6. On Friday, Nov. 14, the Office of General Counsel, in an effort to afford those students who continued to remain in the building maximum due process, provided them copies of the Code of Student Conduct. Highlighted were the provisions in the Code that might apply under the current situation. [This is a hilarious joke. SU’s assistant general counsel Gabe Nugent dropped the envelopes on the floor in the midst a group of students with a smirk on his face, refused to answer any questions as to what was inside, said “see for yourself,” and left. There was no educative “effort to inform students” here. This defense of the drop-off is absurd.]
    7. To date no students have been specifically requested to leave the building. In keeping with our commitment to provide appropriate due process, the University commits to giving the students advance notice should plans be made to initiate Code of Student Conduct charges. No such plans are currently in place. [Not reassuring. Does not address our claim that these are tacit legal threats.]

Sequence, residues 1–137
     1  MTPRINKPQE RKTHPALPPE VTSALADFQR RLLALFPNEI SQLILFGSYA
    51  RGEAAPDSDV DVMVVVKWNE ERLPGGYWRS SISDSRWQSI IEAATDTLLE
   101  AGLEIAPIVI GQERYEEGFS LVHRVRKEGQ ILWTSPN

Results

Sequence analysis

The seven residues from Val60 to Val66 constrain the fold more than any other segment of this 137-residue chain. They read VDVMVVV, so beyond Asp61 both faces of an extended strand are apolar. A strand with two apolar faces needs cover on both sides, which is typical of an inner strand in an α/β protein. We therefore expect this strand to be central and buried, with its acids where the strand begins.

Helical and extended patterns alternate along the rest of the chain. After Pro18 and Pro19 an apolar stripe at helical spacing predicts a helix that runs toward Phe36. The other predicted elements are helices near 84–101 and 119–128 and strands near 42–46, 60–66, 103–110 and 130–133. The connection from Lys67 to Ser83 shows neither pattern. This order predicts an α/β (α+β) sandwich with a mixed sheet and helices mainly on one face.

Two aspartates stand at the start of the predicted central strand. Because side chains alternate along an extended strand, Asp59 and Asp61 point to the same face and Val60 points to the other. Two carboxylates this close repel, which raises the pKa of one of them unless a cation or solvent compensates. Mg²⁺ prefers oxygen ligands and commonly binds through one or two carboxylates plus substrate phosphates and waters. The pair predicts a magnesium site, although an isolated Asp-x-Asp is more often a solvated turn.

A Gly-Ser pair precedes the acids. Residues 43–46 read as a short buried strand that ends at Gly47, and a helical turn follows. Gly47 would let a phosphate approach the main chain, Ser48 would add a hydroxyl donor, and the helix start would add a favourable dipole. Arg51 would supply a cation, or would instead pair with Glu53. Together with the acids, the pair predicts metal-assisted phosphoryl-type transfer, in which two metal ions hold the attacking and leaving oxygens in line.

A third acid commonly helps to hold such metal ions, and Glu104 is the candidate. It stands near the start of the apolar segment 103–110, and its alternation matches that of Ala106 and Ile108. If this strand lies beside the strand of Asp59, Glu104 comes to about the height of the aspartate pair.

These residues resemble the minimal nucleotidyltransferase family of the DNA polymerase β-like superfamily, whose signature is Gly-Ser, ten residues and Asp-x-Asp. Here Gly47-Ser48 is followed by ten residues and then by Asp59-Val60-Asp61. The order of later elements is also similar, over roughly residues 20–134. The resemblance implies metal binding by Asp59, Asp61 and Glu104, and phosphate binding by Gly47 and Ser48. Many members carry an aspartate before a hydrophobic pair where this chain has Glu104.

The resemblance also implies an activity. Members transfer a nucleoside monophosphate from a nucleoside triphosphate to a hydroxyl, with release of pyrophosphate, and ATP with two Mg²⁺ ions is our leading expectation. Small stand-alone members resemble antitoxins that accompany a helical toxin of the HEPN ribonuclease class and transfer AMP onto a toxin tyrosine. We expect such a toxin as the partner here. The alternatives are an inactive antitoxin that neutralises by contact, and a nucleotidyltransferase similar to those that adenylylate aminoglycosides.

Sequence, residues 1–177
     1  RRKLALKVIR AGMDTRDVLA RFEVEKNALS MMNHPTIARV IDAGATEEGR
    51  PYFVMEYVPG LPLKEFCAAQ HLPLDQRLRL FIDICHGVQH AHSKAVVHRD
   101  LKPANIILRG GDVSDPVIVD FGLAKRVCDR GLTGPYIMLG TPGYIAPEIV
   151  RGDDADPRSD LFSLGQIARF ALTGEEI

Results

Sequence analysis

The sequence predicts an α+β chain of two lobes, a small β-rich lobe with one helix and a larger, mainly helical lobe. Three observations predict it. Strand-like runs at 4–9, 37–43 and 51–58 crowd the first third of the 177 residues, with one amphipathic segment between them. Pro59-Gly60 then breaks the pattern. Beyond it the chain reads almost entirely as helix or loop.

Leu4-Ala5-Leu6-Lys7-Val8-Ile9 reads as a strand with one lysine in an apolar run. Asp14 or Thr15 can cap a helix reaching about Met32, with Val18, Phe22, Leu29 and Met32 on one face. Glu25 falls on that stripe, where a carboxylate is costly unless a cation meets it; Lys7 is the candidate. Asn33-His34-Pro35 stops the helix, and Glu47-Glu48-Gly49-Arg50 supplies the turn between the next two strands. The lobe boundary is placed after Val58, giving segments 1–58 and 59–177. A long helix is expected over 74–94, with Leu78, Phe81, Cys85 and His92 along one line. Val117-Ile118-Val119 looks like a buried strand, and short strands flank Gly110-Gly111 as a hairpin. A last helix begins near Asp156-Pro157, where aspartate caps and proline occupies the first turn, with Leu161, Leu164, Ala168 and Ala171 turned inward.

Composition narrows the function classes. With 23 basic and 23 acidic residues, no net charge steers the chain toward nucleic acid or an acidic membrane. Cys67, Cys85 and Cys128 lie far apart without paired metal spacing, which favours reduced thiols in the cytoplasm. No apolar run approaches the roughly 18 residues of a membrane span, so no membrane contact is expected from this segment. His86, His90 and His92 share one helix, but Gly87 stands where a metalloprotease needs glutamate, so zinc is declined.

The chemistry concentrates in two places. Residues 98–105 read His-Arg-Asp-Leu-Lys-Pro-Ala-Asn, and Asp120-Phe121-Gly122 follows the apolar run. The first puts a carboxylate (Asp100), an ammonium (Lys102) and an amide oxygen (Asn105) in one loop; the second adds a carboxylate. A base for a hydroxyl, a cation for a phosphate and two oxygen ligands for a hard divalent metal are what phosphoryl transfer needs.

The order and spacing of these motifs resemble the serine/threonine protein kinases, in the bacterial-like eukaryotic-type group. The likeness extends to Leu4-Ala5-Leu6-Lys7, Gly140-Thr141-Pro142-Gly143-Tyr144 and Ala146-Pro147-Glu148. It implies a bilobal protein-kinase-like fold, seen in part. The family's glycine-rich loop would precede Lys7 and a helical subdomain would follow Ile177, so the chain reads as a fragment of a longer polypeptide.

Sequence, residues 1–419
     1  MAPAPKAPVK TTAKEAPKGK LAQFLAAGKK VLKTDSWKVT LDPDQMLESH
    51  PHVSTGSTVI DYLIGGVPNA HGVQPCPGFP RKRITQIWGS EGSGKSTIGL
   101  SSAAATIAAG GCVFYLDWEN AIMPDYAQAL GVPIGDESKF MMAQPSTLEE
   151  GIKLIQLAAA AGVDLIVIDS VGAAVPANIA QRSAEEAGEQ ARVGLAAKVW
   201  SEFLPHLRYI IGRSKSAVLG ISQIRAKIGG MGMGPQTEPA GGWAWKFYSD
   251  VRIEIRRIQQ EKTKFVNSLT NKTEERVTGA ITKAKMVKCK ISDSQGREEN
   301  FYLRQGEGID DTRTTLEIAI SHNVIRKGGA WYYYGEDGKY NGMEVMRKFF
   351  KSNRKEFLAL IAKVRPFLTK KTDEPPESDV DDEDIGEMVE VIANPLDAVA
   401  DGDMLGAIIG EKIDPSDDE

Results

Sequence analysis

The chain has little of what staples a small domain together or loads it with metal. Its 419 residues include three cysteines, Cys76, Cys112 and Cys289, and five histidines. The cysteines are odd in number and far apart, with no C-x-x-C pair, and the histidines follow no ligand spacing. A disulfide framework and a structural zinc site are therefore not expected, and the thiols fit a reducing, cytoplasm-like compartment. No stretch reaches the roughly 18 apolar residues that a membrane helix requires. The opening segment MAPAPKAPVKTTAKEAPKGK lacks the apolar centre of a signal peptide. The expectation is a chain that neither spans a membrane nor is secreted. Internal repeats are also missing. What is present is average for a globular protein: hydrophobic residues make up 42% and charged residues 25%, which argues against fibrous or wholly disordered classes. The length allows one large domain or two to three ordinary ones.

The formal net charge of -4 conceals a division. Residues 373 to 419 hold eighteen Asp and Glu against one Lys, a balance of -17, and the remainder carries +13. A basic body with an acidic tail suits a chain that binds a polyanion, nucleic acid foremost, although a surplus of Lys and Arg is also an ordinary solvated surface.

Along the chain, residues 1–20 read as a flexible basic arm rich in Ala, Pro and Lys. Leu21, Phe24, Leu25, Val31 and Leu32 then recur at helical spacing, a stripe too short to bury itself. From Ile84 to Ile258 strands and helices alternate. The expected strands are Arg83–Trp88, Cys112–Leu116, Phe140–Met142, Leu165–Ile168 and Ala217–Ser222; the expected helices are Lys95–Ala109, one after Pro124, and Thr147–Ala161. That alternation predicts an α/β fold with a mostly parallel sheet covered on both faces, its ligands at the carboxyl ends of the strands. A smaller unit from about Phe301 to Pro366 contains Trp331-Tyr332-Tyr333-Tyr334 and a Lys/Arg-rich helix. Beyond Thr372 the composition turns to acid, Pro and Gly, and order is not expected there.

8. On Saturday Nov. 15, a faculty member from the College of Law arrived at Crouse-Hinds Hall unannounced and requested entry to the building to advise students. In keeping with the rules regarding the closing of the building, anyone was free to exit the building to seek her guidance subject to the building rules. I would note that since day one, these students have had full access to their phones, to University Wi-Fi, and their own internet connections. They have been in communication with anyone of their choosing, including legal advisors, faculty, parents or administrators. [Recourse to arbitrary rules. What actually prohibits someone from entering a building? Nothing mechanical – it was human beings, DPS officers, who did not allow Prof McDonald inside because presumably they had direct orders not to do so. This also does not address how DPS and administrators alike have full range of the space and are constantly/deliberately listening in on our conversations. We have hours of video footage supporting this fact. Including a video of Chief Legal Counsel Dan French berating students during one of THE General Body meetings]